Alzheimer’s disease is a type of dementia that causes problems with memory, thinking, and behavior. Symptoms usually develop slowly and worsen over time until they are severe enough to interfere with daily tasks. The majority of people with Alzheimer’s are age 65 and older. However, Alzheimer’s is neither a normal part of aging nor just a disease of old age. Approximately 200,000 Americans under the age of 65 have younger-onset (or early-onset) Alzheimer’s disease. The most notable of these may have been legendary Tennessee Vols women’s basketball coach, Pat Summitt, who was forced to retire in 2012 at age 60 and died four years later.

One in three seniors dies with Alzheimer’s or another dementia. It kills more than breast cancer and prostate cancer combined.

Other types of dementia occur with Vascular dementia, Lewy body dementia, Parkinson’s disease, Huntington’s disease, and more.

For those reasons and others that the 2nd Annual Shoals Walk to End Alzheimer’s is

is scheduled for Sunday, September 15 in McFarland Park.

Those who have not been a caregiver or a direct family member of an Alzheimer’s or dementia patient have no concept of how arduous the task is. Patients don’t just sit quietly in a corner; anything but.

Questions can be endless and the repetitiveness can be truly dizzying. Patients can be very active and they can find trouble in a few seconds. Early in the life of the disease, we tend to feel badly for Alzheimer’s and dementia patients because we know their memory is leaving them. That’s tougher on loved ones, because patients really don’t know what they have forgotten.

Eventually, eating and drinking can be challenging and grooming and hygiene spotty. And the bath time or sponge bath dramas... We don’t have the space here to discuss the numerous challenges presented by bath time.

Some Alzheimer’s and dementia patients who worked or were responsible for keeping house all their lives have an anxiousness that manifests as the day begins to culminate - a neurological phenomenon known as Sundowning. They subconsciously know that things need to be done during that time of day. They tend to become restless - no longer sure what those responsibilities are.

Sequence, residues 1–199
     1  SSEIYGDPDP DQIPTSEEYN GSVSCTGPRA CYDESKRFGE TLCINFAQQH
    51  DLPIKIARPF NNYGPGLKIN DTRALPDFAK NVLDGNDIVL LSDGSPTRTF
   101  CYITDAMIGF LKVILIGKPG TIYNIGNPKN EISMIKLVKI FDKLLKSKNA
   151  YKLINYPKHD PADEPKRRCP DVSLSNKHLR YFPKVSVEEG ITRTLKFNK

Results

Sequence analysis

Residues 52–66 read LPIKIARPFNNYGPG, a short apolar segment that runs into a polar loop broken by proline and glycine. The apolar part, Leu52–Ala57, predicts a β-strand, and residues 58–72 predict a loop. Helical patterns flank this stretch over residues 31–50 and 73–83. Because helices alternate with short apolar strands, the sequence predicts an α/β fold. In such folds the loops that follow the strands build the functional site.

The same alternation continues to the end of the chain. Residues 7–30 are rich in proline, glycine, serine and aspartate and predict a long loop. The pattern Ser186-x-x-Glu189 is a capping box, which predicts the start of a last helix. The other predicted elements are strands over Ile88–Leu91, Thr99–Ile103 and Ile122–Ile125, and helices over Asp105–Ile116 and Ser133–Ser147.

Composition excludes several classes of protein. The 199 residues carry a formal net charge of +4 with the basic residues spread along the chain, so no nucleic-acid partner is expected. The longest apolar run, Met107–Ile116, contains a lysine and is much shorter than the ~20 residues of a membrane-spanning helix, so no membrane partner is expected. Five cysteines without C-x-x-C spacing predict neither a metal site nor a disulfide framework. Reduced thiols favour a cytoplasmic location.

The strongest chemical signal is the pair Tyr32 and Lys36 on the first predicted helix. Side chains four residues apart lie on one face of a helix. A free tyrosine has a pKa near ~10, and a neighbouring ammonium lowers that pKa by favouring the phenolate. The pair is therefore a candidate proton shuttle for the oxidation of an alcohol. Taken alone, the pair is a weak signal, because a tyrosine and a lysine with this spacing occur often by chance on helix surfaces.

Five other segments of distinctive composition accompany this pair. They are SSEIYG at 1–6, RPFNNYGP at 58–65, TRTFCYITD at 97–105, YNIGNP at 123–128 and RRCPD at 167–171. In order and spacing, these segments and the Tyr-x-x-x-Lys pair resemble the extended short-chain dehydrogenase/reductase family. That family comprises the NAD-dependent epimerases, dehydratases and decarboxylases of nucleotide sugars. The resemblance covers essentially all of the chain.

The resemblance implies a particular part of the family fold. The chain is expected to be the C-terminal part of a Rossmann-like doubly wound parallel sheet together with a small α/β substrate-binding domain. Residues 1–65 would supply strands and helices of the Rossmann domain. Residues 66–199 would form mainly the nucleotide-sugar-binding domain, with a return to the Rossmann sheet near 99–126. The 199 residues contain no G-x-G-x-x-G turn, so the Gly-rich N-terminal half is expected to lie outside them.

Repressed memories or things that simply went undiscussed may also play into current thoughts for dementia patients. Circumstances that were troubling during their cogent years can surface as anxiety for them. They may not realize it, but their loved ones may. Some medications may further exacerbate the mind complications.

Further progression of the disease often brings a loss of dignity which can hurt caregivers and loved ones deeply.

Caregivers routinely get to the point of loving a patient like family. Human nature takes over and it becomes more than a job. Family members also maintain a close bond with loyal caregivers, considering them as part of their extended family years after the loved ones have passed and caregivers have moved on. The patient may not remember anybody’s name, but he or she loves each like family.

Some additional facts from the Alzheimer’s Association website, alz.org.

• Alzheimer’s disease is the 6th leading cause of death in the United States.

• More than 16 million Americans provide unpaid care for people with Alzheimer’s or other dementias.

• These caregivers provided an estimated 18.5 billion hours of care valued at nearly $234 billion.

• Between 2000 and 2017 deaths from heart disease have decreased 9% while deaths from Alzheimer’s have increased 145%.

• Only 16% of seniors receive regular cognitive assessments during routine health check-ups.

• Alzheimer’s and other dementias will cost the nation $290 billion this year. By 2050 estimates have these costs at over 1 trillion in 2019 dollars.

• 5.8 million Americans are living with Alzheimer’s. By 2050 this number is projected to rise to nearly 14 million.

• Every 65 seconds someone in the United States develops the disease.

Bottom line, it’s a challenge for us all.

That’s why it is so important to perfect treatments and make headway toward a cure for Alzheimer‘s and the other forms of dementia sooner than later.